Ranthambore National Park was created in 1970, formed from what was previously and expansive royal hunting ground and home to some of the most exotic game to be found anywhere in the world. Today, India takes the issues of protecting wildlife very seriously and therefore attention has turned to preserving species and also making them accessible to visitors. Amongst other things there are more than 300 types of birds, assorted crocodiles, antelopes and not to forget the majestic tiger – the national animal of India and symbol of this great nation.
There are a number of ways to enjoy the park, either by jeep or even hot air balloon, but all of them are guaranteed to leave you with a lasting impression and plenty of pictures to show everyone back home.
Within the park there is also a magnificent 10th century fort where it is easy to loose yourself in thoughts of the Maharajahs and their exuberant hunting parties during your own tiger safari.
More from Ranthambore
Ranthambore - tiger safari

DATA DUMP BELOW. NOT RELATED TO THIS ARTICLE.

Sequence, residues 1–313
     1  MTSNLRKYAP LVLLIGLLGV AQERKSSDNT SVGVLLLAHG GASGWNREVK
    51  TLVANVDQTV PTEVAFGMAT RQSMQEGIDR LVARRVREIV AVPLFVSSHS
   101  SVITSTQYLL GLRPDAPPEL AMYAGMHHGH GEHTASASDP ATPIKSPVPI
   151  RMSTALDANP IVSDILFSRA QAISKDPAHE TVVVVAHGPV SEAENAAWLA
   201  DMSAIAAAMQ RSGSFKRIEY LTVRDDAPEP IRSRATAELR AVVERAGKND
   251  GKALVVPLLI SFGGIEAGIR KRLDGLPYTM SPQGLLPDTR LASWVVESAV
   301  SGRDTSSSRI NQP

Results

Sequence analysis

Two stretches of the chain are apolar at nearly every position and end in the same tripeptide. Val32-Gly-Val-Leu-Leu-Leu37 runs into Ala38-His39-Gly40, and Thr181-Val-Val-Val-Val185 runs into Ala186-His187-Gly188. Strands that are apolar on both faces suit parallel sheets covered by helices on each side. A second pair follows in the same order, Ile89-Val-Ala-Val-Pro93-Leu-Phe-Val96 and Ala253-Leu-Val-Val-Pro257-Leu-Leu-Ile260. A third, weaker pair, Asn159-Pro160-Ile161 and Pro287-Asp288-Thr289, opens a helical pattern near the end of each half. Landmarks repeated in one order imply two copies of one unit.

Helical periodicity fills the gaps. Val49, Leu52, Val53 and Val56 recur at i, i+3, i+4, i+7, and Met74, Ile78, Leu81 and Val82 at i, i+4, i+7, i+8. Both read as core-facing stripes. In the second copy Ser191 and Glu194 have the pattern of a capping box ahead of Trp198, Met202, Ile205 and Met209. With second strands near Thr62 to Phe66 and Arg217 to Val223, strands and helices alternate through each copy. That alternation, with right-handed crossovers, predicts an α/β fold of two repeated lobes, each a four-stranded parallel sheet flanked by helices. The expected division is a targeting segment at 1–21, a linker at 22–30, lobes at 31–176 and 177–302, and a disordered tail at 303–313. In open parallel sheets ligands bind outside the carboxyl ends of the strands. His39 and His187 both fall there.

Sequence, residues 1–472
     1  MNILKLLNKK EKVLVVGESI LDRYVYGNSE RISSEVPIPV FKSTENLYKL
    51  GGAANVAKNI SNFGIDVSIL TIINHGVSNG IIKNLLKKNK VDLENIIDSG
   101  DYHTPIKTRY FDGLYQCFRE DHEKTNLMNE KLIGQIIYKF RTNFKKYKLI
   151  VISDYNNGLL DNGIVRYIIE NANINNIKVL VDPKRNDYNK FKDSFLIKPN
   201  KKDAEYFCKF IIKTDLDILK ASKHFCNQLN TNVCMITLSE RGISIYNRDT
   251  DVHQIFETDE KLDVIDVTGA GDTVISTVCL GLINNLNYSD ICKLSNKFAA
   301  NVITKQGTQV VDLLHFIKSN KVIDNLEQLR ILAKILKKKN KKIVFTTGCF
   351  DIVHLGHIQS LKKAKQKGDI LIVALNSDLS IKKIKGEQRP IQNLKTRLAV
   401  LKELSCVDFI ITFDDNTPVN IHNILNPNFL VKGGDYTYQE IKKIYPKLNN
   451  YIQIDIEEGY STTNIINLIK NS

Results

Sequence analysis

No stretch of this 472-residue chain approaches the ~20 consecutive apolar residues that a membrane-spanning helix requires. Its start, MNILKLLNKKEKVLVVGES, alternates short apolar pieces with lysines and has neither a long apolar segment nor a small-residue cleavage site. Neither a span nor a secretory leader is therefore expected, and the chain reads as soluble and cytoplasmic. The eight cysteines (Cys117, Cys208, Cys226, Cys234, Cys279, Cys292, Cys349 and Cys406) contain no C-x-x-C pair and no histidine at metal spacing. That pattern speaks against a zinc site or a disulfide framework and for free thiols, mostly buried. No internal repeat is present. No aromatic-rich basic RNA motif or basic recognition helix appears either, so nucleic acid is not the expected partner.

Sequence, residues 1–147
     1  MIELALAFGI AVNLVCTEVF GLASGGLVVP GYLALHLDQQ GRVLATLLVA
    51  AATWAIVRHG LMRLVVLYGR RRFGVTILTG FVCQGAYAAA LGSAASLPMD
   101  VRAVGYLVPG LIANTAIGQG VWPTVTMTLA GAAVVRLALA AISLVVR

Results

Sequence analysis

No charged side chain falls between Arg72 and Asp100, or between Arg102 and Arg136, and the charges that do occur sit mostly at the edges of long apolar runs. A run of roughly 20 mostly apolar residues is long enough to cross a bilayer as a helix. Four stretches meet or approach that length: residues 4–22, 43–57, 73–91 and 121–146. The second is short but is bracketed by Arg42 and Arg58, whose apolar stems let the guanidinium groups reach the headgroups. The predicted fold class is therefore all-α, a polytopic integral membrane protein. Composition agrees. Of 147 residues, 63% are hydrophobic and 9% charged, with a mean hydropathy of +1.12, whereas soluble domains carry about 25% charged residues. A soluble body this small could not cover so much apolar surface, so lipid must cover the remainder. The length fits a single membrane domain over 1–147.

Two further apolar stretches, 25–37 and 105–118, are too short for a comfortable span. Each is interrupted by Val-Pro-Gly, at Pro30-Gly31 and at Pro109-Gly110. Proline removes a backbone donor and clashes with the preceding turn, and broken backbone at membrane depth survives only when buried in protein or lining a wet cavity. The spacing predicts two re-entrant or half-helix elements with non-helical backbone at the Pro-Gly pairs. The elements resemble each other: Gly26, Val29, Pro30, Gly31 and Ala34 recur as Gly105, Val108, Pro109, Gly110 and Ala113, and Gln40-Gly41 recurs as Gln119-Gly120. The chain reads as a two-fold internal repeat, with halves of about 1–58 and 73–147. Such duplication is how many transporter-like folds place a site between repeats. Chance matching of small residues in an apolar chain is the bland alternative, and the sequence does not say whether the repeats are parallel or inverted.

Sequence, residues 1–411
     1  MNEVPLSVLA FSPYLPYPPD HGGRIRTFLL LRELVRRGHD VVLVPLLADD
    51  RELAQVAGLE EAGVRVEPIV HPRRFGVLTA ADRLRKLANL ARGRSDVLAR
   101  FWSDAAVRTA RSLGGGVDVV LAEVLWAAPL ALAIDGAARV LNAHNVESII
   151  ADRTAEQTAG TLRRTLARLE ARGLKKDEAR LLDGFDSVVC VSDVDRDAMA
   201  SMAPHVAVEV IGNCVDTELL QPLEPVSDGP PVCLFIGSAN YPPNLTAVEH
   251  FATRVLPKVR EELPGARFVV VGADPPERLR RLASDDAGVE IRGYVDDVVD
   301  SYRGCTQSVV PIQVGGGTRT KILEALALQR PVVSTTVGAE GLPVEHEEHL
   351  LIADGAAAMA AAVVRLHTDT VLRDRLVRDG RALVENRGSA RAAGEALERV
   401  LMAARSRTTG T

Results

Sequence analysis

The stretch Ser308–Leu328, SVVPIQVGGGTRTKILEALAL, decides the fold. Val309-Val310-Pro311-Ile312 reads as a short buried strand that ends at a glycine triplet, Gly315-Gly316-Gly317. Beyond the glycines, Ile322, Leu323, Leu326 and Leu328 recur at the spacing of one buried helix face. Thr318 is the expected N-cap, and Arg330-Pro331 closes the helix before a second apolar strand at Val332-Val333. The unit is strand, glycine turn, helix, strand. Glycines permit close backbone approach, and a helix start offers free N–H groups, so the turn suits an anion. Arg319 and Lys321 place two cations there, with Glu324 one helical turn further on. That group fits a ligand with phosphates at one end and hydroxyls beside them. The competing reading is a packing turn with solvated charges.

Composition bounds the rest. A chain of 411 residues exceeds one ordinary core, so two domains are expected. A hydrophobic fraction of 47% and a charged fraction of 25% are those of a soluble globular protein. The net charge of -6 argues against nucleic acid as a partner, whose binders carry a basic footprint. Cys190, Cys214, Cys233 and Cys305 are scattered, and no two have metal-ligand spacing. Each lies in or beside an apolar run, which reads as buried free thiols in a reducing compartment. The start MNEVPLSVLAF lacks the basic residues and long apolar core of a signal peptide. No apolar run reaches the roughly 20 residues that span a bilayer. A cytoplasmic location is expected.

Ranthambore National Park is Rajasthan's best place to see tigers and is the only dry deciduous tiger reserve in the world. The best time to spot the Bengal tigers is actually during high summer, May and June, when the hot weather forces them to water holes more often, however this also means that you have hot visitors as well as tigers! Year round most safaris will recommend going on more than one safari in the park to increase your chances of spotting a tiger but even then there's no guarantee you'll be lucky. In the winter the forest is denser and greener, making it easier for tigers to disappear into the shadows. There are two slots daily for safaris, one in the early morning one mid afternoon, and there is a choice of vehicles, Canters which seat 20 people or Gypsy jeeps that seat 6 (Gypsy is a better choice, more maneuverability and faster) although if you book a Gypsy you need to have 6 people in the vehicle or you pay for the empty seats (more space though!). There are 20 of each vehicle allowed into the park to minimise disruption for the wildlife and each safari is assigned one of 5 zones automatically, what you get is luck of the draw. Some drivers and guides will tell you that they are fined for going into other zones then offer to do that if you pay the fine of however many ruppees, don't bother as you're just as likely to see a tiger in any one of the 5 zones, so stick with the luck of the draw!